Are Quest Pro controllers worth buying for Quest 2?

Holding a Quest Touch Pro controller
(Image credit: Nicholas Sutrich / Android Central)

Are Quest Pro controllers worth buying for Quest 2?

Best Answer: Yes. Quest Touch Pro controllers eliminate tracking dead zones and offer better and more accurate tracking than ever before, making it easier to grab and throw objects in VR. They also have better haptics and offer additional functionality like stylus tips on the back for whiteboarding.

What can you do with Quest Touch Pro controllers?

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Meta Quest Touch Pro controllers are the official name of the controllers that ship with the Meta Quest Pro (opens in new tab) headset. Meta is also selling them separately for $299 so that Oculus Quest 2 (opens in new tab) owners can get substantially better controllers without having to upgrade their headsets.

Quest Touch Pro controllers are a huge upgrade over the gen 3 Quest Touch controllers that ship with the Quest 2. Instead of having a ring of LED lights around the controller that are tracked by the headset, Quest Touch Pro controllers can actually track themselves. That means it's no longer reliant on the headset being able to see the controllers, so dead zones are a thing of the past.

This is made possible by a series of three cameras on each controller — one on top and two out front — which work in conjunction with the Qualcomm Snapdragon 662 processor inside each controller. Yes, each controller has its own processor now and can perform SLAM algorithms to determine its location at all times just like the Quest headset can.

That takes the processing onus off the Quest 2, as well, and ensures that tracking should both be faster and more accurate than the Quest 2's Touch controllers are.

Because of this, players who find themselves frustrated with the dead zones on the Quest 2's controllers — that means when the headset can't see the controllers and therefore loses tracking — should seriously consider upgrading to Quest Touch Pro controllers.

That ensures that fast, wide swings in Beat Saber, knocking arrows in games like The Walking Dead: Saints & Sinners, or even hand and arm movements in titles like Bonelab (opens in new tab) or VR Chat are more natural and don't get "stuck" when you put them above your head or behind your back.

You can see that illustrated in the video below where I use the popular archery game In Death: Unchained to showcase the differences between the two controllers. This is one of the better "real-world" examples of how the new tracking tech can make your gameplay better.

Quest Touch Pro controllers also offer better haptic motors inside, including advanced an haptic engine that is included throughout the controller for more realistic feedback in VR titles. In the game above (In Death: Unchained), you can feel the bow string tighten as you pull the arrow back with the Quest Pro controllers. The Quest 2 controllers attempt to replicate this feeling but fall short and just feel clumsy in comparison.

Complete with that are a handful of new sensors that let players more accurately grab and squeeze objects in VR when games and apps support advanced features. Even without proper support, it's just easier to point at and grab objects — and, subsequently, throw them — using Quest Touch Pro controllers. There are even pressure points for your fingers, making it feel more like you're grabbing virtual objects.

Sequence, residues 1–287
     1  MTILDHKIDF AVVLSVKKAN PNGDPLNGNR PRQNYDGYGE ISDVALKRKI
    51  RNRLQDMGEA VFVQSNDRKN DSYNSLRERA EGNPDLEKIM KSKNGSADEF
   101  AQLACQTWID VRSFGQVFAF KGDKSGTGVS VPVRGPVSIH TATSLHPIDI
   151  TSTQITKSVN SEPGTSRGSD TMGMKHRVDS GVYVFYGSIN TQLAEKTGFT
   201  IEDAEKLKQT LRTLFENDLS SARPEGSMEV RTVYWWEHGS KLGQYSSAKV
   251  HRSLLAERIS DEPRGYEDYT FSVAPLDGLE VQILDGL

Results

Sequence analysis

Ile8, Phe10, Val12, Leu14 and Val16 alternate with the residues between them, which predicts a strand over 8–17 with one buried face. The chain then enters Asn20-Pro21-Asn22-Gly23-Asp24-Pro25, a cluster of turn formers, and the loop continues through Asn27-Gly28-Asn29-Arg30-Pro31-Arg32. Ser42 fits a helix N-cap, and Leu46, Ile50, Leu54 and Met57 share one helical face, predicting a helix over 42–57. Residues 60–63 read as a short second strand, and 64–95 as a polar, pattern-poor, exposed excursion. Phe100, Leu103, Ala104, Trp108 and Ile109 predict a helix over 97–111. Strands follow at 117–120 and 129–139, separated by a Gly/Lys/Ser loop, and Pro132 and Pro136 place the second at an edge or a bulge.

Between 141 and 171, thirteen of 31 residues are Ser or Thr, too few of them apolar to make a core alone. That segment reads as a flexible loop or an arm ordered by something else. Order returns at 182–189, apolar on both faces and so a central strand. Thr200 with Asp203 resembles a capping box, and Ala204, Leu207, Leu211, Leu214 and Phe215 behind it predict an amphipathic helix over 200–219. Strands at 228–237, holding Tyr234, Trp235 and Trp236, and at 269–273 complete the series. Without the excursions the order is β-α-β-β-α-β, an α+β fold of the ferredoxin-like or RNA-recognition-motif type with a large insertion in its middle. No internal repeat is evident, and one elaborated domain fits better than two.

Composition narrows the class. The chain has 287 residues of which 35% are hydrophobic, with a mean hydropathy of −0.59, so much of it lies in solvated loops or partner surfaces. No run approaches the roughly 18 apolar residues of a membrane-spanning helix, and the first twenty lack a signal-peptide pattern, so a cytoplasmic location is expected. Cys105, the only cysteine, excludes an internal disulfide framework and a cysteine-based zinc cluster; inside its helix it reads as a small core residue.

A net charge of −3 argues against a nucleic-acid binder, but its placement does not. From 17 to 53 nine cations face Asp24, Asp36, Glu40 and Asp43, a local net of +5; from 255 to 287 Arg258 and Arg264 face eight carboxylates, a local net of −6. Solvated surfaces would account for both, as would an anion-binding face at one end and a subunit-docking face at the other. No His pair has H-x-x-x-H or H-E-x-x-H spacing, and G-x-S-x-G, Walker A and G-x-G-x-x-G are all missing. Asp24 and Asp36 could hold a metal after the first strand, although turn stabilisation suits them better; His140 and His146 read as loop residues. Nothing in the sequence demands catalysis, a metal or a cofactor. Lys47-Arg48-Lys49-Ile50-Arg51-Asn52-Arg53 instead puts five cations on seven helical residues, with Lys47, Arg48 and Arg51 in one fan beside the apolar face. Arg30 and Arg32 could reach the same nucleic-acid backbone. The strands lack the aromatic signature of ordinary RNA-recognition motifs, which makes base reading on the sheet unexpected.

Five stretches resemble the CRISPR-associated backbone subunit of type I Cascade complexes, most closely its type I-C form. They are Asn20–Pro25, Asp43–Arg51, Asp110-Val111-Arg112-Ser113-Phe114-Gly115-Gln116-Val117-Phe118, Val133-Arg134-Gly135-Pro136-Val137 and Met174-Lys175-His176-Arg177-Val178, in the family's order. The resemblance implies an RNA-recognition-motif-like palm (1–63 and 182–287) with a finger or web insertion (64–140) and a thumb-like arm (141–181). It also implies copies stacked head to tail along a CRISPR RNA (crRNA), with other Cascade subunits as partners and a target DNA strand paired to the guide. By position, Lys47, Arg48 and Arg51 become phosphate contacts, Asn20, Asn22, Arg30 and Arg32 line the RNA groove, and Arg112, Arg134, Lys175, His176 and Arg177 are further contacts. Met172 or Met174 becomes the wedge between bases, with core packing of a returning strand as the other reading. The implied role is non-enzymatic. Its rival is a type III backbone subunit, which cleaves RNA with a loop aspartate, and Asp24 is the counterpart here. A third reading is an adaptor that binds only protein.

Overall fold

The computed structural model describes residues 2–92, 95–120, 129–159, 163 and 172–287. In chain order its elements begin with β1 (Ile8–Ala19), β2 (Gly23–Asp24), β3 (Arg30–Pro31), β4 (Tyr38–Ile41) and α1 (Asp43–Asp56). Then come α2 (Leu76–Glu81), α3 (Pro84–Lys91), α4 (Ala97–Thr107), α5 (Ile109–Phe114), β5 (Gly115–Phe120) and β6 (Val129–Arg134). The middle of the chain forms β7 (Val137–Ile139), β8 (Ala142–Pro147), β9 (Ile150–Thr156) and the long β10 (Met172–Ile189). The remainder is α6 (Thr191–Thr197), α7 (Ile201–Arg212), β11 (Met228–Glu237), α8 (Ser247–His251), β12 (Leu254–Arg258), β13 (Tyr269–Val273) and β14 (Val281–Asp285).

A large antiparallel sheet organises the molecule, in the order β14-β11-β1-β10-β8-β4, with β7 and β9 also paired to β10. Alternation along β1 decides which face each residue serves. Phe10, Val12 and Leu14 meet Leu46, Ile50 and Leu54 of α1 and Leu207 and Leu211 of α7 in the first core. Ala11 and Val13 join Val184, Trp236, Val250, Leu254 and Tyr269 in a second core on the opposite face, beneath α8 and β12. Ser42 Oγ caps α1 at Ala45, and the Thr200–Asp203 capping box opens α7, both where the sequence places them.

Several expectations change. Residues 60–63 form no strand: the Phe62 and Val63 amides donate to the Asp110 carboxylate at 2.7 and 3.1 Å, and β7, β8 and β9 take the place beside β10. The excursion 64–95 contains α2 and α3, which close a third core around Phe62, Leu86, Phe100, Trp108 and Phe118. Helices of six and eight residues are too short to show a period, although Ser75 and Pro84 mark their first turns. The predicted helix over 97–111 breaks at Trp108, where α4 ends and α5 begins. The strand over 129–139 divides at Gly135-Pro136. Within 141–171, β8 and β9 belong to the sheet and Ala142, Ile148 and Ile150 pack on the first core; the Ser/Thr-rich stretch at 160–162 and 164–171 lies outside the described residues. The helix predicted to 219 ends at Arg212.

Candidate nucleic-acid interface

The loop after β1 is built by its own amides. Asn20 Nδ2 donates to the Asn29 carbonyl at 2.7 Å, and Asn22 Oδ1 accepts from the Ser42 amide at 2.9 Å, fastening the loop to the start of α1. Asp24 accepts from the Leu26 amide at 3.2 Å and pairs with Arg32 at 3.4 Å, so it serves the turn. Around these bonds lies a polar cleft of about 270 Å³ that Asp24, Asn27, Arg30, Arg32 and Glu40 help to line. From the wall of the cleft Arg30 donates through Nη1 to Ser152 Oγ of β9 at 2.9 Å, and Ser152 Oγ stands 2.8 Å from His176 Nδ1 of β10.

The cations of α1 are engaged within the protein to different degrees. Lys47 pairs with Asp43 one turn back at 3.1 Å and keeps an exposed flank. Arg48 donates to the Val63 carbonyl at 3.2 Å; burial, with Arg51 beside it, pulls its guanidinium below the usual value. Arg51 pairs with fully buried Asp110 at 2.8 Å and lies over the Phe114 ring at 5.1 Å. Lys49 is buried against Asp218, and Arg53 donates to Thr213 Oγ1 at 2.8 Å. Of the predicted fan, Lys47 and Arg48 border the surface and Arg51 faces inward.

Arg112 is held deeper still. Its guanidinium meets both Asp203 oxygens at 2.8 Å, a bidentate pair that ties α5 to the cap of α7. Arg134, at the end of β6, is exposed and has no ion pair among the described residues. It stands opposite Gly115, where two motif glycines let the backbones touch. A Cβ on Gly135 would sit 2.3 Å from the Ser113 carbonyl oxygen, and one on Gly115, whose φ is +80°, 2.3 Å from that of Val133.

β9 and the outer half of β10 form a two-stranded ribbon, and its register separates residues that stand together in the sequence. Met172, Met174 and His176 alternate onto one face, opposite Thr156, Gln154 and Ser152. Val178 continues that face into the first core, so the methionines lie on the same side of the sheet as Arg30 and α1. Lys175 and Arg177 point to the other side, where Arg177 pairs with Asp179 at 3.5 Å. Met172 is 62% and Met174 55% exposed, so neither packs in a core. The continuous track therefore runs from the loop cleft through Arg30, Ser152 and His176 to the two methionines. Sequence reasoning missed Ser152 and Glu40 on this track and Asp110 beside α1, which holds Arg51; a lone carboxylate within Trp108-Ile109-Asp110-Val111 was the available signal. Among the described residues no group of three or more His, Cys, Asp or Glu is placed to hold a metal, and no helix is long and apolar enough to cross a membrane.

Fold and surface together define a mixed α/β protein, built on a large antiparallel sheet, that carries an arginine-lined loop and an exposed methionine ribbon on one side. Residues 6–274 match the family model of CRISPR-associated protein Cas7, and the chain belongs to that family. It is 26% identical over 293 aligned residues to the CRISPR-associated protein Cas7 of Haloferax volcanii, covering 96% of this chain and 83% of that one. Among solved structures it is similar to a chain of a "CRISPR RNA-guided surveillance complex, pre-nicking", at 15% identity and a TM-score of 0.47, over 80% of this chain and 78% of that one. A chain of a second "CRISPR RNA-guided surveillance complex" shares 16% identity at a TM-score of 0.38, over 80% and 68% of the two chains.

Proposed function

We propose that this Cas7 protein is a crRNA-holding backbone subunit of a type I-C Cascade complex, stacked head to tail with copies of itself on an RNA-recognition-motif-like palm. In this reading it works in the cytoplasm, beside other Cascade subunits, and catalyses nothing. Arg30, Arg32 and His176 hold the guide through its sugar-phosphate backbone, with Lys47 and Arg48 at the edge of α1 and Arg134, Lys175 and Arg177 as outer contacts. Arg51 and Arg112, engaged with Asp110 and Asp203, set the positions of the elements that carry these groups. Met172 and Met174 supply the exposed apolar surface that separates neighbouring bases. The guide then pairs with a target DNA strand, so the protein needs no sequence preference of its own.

Since the controllers have additional sensors onboard and include cameras for tracking, you can also more naturally point and use your fingers in VR.

Lastly, Meta Quest Touch Pro controllers include a removable stylus tip that can be used for writing in VR. In apps like Horizon Workrooms, the Quest controllers will automatically turn into a hand holding a pen when flipped around, and the advanced haptic motors in the controllers make it feel more like you're writing on a solid surface even when writing with the controllers in the air.

But not all is rosy with the Quest Touch Pro controllers. These controllers ship with a non-removable, rechargeable battery inside. While that's great for convenience and environmental reasons, it means that you'll need to regularly charge your controllers before use, just like the headset.

We will update this article with battery life measurements once we're able to review the controllers, but it's likely that all the advanced functionality means battery life is worse than the Quest 2's Touch controllers, which regularly last several months on a single AA battery. Right now, it looks like they can last up to 8 hours (opens in new tab) on a single charge, according to Meta leadership and a few developers with early access to the headset.

It's also entirely possible that hand injuries could become more common without a ring of light surrounding the controller. While no one wants to break their controller's light ring when punching a wall or other hard object, a controller is much easier, cheaper, and less painful to fix (or replace) than a broken hand.

While the best Quest 2 hand straps (opens in new tab) can offer additional comfort enhancements for Quest 2 controllers, we won't know for a few weeks yet if Quest Touch Pro controllers get any meaningful new accessories to help alleviate some of these potential issues.

Lastly, is the subject of cost. At $299, a pair of Oculus Touch Pro controllers cost as much as the Quest 2 used to cost — and is still only $100 less than a Quest 2 these days. That means these controllers are probably priced a bit out of range for many Quest gamers, even if they offer a lot of great new functionality.